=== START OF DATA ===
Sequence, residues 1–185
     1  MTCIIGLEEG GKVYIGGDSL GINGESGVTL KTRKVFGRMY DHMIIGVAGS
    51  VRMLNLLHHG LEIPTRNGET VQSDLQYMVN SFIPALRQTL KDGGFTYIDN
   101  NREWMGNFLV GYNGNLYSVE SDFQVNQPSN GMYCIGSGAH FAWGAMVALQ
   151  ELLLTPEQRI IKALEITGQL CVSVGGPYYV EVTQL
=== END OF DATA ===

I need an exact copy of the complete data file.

Sequence, residues 1–185
     1  MTCIIGLEEG GKVYIGGDSL GINGESGVTL KTRKVFGRMY DHMIIGVAGS
    51  VRMLNLLHHG LEIPTRNGET VQSDLQYMVN SFIPALRQTL KDGGFTYIDN
   101  NREWMGNFLV GYNGNLYSVE SDFQVNQPSN GMYCIGSGAH FAWGAMVALQ
   151  ELLLTPEQRI IKALEITGQL CVSVGGPYYV EVTQL